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Éire Óg celebrating their county final victory. The team will hope their unity of purpose will carry them over the line against the Kerry champions this Sunday. Photograph by John Kelly

Éire Óg can dismiss The Poor Clares notion in Kerry

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Much of my life is in Kerry now and nearly every day it involves a drive into Kerins O’Rahilly’s country — the stronghold and foundation stone of the club on Strand Road.

Indeed, so central to the Kerins O’Rahilly story is the place that the club is more often than not referred to as Strand Road.

And, Strand Road is littered with football stories about great men who wore the club colors and went as high as any footballer could go — Dan Spring, Paddy Kennedy Jas Murphy and John Dowling, who were All-Ireland winning captains who played for the club; there isn’t enough room for the rest of the All-Ireland winners.

We’ll mention four though: David Moran, Tommy Walsh, Jack Savage and Barry John Keane. We mention them because this quartet will be playing on Sunday, with each one of them being a Strand Road All-Ireland alumnus and part of the tradition of putting Sam Maguire up on the sideboard that stretches back over 90 years.

It might make club and team appear like behemoths to a team from Clare — a team that whatever way Kerry’s football intelligentsia might like to talk up publicly beforehand, will in reality talk down privately and view them as the Poor Clares.

The Poor Clares, just because nothing could possibly measure up to Kerry in footballing terms. This is what they’ll think; this is the only thing they know.

But, history tells us that sometimes Clare teams have measured up. The last time Strand Road played in Munster there was a picture taken straight after the game of real-life behemoth and current Kerry selector Micheál Quirke beside Kilmurry Ibrickane’s Peter O’Dwyer.

Quirke managed to make O’Dywer look small and you wondered how he managed to compete in midfield. But the Mullagh man did just that and more, ensuring that the real takeaway from the photograph was that O’Dwyer was on the winning team and Quirke was left disappointed when a late point by Evan Talty into the town end goal ensured that the ‘Bricks edged the Munster final arm-wrestle.

In simple terms, the challenge for Éire Óg is to kick that winning score as Talty did. More broadly, it’s to get into a position to win the game and then grasp it to prove that a Clare team can win in Kerry and can win in Austin Stack Park.

It wouldn’t be the first time — the famous first coming was 43 years ago this month when the great Kilrush Shamrocks team of the 1970s, fresh from their achievement of winning five-in-a-row, struck a might blow for Clare football after their raid across the Shannon Estuary on the ferry to take on Austin Stacks.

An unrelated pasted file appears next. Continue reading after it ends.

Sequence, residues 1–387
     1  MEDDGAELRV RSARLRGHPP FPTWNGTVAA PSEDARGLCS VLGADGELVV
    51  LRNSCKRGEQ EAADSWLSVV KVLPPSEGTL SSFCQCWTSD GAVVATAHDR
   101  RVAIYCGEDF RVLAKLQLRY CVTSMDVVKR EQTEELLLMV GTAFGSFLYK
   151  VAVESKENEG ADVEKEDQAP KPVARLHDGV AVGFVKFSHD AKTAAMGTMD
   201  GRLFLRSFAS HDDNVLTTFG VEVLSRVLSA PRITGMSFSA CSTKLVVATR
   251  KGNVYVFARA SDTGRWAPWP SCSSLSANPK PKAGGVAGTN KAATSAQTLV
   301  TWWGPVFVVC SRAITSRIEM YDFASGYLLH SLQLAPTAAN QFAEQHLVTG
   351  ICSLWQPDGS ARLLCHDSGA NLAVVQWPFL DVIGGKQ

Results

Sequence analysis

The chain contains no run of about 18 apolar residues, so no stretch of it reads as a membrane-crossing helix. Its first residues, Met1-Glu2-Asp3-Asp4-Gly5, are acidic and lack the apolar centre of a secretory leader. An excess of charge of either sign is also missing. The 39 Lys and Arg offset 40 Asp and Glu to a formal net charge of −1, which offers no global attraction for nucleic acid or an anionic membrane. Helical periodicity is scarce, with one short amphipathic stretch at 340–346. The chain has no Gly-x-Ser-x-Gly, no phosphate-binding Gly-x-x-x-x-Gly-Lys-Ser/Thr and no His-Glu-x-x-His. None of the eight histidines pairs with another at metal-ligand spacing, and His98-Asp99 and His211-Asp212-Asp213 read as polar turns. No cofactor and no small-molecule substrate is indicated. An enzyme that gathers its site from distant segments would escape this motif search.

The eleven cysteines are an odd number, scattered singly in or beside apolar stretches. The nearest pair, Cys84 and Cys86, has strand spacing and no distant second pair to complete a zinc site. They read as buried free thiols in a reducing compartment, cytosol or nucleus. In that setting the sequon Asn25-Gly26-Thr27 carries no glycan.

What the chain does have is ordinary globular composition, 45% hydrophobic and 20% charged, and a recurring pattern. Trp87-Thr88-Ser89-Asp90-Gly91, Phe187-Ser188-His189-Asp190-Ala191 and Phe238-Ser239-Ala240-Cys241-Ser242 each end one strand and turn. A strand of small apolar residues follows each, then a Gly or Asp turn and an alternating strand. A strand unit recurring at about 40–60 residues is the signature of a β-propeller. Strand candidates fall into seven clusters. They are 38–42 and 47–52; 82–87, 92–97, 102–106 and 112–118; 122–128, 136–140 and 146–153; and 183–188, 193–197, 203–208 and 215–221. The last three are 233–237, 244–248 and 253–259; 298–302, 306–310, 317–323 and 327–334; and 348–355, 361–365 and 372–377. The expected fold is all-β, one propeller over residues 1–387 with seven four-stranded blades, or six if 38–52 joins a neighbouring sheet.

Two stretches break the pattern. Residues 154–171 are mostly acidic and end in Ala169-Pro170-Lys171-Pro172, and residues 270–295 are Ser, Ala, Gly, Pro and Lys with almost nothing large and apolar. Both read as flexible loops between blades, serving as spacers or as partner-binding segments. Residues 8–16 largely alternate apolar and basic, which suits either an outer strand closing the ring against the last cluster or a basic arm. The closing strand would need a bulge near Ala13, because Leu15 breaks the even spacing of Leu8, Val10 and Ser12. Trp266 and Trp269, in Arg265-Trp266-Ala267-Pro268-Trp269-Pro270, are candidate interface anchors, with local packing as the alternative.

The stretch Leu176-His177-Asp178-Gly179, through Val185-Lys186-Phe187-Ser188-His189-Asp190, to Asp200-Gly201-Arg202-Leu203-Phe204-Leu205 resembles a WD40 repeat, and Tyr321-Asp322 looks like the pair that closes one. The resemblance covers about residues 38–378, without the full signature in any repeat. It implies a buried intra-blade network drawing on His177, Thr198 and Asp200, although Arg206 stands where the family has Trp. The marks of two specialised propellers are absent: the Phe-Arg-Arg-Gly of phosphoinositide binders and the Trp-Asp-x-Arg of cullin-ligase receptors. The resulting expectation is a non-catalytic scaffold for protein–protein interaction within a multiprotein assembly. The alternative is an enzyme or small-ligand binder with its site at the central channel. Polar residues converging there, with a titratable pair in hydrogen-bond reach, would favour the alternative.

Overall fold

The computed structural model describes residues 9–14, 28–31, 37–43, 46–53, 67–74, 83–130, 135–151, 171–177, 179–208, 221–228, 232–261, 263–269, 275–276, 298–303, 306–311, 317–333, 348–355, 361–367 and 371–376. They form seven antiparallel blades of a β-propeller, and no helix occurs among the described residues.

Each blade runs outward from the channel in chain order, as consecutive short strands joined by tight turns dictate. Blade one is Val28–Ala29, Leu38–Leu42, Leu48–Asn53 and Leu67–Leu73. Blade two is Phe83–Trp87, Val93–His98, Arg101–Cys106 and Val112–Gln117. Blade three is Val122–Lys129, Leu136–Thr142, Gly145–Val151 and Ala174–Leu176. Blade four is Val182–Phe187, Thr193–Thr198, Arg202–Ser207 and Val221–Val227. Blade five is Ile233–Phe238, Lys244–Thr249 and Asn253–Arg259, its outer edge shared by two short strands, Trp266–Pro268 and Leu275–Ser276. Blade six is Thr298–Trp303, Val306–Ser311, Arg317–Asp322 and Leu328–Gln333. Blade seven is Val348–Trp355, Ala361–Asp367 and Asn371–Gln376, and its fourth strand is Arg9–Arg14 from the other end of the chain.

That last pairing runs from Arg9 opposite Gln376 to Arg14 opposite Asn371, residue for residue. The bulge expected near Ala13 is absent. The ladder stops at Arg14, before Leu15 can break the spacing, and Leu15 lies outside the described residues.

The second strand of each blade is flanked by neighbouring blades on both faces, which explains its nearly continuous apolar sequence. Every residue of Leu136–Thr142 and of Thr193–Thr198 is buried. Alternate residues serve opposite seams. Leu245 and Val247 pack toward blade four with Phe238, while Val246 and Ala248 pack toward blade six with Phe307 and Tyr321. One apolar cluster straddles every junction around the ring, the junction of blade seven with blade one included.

The Rock Street club were to the Shams exactly what Strand Road are to Éire Óg. Strand Road have their four All-Ireland winners with Kerry, just as their great Tralee rivals had four Kerry All-Ireland winners of their own in Mikey Sheehy, Ger Power, John O’Keeffe and Ger O’Keeffe, even if they also had a fifth in Denny Long from Cork.

But the men guiding the Shams that year in Raymond Clancy and Tom Prendeville weren’t bothered about their All-Ireland winning reputations, in the same way that the players on the field like Brian O’Reilly, Seanie Moloney, the O’Doherty brothers and many more didn’t care.

The result was a stunning victory that left everyone in Austin Stack Park, except the Shams and their supporters, stunned into silence and almost disbelieving.

But it was no fluke, as The Kerryman’s John Barry, who himself was a Stacks blueblood and championship winner admitted afterwards in a candid commentary on the game: “This will go down as one of the sensations of the year in football, the day the champions of Clare came to Tralee and beat the champions of Kerry, but let nobody run away with the idea that it was a freak result, or anything of the sort.

“For Stacks were beaten fairly and squarely by a team that produced a truly heart-warming brand of football — dashing, gutsy, skillful stuff that made a mockery of Clare’s rating in Munster football.”

All that’s left is for GAA literati in Kerry to pen some similar lines if Éire Óg can become the first team since Doonbeg in 1999, who beat Laune Rangers in Fitzgerald Stadium in Killarney, to win in Kerry.

It may be a mountain, but then again you can’t see Carrauntoohil or Brandon from Tralee — only the Sliabh Mish range on the road back west comes into view. And that’s only a hill.

About Joe O'Muircheartaigh

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